Tuesday, May 18, 2010
Jeramie Mercker, Director of Technology
If you take a look at current television commercials or tech blogs, you’ll quickly find a great deal of attention focused on smartphones and the mobile applications (apps for short) that are built on top of them. While traditionally focused on the Blackberry-dominated business user niche, smartphones made the shift to the mainstream after Apple’s introduction of the iPhone in 2007. Since that time the industry has experienced intense competition and tremendous growth year over year. While hardware sales have been brisk, the truly interesting part is that there is an ever growing user base for the mobile apps that these phones run. You’ve seen the commercials for apps that can schedule dinner, buy movie tickets, or find your friends. While many of these apps are focused on personal use, there is a growing niche for apps that interface with local governments. These apps have the potential to be a powerful communication tool and may revolutionize the way that governments interact with their citizenry.

The Trend
In 2008, President Obama tasked Federal CIO Vivek Kundra with making the federal government’s data more open and accessible to the public. While this information was always available, it often required significant effort to obtain and was in a format that made it difficult to use. Kundra set about taking datasets from multiple agencies and consolidating them at the newly-commissioned data.gov website in a number of widely used formats. With this move, datasets like population, crime, spending, traffic and others became available for anyone to include in their application. For the first time, government data wasn’t just available, it was usable.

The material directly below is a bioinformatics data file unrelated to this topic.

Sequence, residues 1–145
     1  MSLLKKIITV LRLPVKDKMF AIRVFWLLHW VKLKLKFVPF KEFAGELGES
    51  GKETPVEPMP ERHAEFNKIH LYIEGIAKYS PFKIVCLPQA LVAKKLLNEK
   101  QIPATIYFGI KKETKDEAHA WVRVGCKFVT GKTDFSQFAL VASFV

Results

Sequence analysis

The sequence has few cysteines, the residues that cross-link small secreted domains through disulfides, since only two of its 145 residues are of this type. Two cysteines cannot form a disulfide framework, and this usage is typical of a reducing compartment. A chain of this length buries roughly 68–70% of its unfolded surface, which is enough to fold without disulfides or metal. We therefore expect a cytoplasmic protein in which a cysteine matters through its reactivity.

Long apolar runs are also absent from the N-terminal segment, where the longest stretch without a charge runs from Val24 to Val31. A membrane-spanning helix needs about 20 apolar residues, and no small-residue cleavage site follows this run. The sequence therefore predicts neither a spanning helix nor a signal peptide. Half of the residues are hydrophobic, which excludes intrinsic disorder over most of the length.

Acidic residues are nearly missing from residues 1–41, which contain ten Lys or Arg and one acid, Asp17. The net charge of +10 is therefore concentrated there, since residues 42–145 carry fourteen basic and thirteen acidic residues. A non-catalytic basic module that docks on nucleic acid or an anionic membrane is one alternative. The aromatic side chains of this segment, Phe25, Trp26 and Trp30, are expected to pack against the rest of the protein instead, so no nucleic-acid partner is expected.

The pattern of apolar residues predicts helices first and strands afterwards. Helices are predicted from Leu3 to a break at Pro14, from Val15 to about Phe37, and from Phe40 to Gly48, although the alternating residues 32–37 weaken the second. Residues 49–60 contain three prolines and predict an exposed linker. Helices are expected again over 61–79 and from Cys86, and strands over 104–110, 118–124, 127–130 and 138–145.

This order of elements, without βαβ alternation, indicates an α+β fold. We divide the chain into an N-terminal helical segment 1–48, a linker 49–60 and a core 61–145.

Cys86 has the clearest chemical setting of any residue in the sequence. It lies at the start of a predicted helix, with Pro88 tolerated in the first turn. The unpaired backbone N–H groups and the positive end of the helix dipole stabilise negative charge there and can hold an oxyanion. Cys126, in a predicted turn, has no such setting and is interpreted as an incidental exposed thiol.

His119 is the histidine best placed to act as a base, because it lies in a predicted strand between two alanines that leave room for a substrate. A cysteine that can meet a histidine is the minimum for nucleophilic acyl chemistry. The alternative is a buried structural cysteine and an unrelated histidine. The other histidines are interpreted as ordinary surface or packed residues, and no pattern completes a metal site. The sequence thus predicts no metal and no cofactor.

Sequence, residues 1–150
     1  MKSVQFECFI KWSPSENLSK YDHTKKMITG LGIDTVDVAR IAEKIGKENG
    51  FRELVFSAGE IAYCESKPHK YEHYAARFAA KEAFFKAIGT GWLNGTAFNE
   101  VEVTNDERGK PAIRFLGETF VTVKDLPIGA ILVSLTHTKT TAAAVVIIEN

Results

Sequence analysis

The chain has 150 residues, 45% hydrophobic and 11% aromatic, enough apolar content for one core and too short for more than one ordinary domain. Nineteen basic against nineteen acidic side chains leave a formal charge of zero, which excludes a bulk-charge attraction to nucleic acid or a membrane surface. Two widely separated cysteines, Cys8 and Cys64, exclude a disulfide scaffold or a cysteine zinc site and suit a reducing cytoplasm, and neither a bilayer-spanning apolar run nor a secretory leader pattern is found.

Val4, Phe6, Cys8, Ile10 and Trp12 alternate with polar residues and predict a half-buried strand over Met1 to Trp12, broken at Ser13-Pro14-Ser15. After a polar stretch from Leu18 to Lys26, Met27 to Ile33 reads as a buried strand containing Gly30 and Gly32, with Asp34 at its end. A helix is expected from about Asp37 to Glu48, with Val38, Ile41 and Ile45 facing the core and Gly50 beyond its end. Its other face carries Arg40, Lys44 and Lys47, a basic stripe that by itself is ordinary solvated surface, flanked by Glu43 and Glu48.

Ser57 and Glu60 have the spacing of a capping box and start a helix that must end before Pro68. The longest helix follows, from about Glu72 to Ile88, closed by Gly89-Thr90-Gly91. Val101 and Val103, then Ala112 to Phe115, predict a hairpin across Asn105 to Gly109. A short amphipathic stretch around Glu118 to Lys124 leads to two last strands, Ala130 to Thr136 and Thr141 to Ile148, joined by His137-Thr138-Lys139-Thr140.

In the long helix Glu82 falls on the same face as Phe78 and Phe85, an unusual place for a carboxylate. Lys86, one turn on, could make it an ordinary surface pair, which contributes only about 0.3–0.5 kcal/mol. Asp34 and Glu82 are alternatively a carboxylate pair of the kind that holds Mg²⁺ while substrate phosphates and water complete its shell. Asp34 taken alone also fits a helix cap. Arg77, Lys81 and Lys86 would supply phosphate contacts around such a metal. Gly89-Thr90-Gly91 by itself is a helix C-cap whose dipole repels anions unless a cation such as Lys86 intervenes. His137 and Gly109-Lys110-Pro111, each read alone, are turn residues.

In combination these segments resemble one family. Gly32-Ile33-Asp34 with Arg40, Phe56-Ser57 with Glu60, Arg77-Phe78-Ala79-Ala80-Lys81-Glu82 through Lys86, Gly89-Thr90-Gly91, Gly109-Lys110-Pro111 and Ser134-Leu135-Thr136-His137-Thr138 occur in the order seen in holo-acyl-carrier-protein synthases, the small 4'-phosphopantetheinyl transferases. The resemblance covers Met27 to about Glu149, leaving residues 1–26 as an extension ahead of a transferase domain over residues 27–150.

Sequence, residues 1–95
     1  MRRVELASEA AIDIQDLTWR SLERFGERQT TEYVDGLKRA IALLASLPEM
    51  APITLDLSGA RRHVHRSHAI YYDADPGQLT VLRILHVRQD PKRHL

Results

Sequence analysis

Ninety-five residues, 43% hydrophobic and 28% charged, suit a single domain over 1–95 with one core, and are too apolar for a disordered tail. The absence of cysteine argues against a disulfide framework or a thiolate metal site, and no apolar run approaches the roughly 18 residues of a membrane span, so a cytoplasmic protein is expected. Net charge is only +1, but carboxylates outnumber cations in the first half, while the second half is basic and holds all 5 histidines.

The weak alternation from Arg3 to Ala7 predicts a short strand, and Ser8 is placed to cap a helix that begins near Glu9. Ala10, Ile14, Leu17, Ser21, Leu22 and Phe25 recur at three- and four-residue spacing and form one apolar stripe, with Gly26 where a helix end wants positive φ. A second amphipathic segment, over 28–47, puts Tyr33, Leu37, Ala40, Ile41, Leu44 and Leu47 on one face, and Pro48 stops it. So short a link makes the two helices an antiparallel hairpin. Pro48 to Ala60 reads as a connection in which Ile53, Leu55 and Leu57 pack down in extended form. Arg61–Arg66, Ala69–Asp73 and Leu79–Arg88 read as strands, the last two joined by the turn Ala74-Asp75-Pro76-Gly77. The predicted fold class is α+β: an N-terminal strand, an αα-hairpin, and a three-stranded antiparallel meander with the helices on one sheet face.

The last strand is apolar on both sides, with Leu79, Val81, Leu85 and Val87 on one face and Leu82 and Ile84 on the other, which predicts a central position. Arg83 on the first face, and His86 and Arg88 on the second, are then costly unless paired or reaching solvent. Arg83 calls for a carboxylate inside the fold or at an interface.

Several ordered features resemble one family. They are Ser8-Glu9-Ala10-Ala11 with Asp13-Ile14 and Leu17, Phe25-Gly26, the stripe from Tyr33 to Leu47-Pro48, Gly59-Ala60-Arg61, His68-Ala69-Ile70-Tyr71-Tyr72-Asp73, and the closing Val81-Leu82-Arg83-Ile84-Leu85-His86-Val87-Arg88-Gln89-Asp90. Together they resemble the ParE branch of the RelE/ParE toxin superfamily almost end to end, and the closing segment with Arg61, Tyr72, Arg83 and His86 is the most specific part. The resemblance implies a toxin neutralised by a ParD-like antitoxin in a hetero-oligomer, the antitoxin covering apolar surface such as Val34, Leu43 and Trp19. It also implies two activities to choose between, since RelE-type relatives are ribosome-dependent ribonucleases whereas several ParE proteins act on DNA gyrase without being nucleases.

While governments at all levels were opening up their data, the public was going wild over smartphones. What was once a niche market became the fastest growing segment in the mobile phone space. Research firm comScore recently reported that smartphones now comprise 19% of the active phones in the United States, some 45 million in total. In response to this market growth, mobile carriers began offering a wider variety of smartphones and implemented cheap unlimited data plans while increasing the speed and coverage of their networks. Product companies like Apple, Google, Microsoft and RIM released free tools that made make it easy for anyone to develop applications on top of their phones and operating systems. They also provide sprawling online stores to make it easy for developers to offer their app to the public. By 2010, Apple reported over 3 billion apps were downloaded on its store alone.

Combine the growing trend to open up government data with the rapid growth in smartphone adoption and you have a recipe for government mobile apps to appear on the scene. Major cities like New York and Los Angeles were quick to jump on board. After making data available they held app contests that rewarded the most creative entries. They then made all of these applications available for their citizens to use. Users could see everything from New York’s most dangerous neighborhoods to up-to-the-minute street parking availability. In the minds of consumers and citizens, this drew a clear line from the vast stores of data that a government collects to its practical use in the ‘real world.’ Let’s take a look at three popular types of local government focused mobile apps.


Citizen Relationship Management (CRM)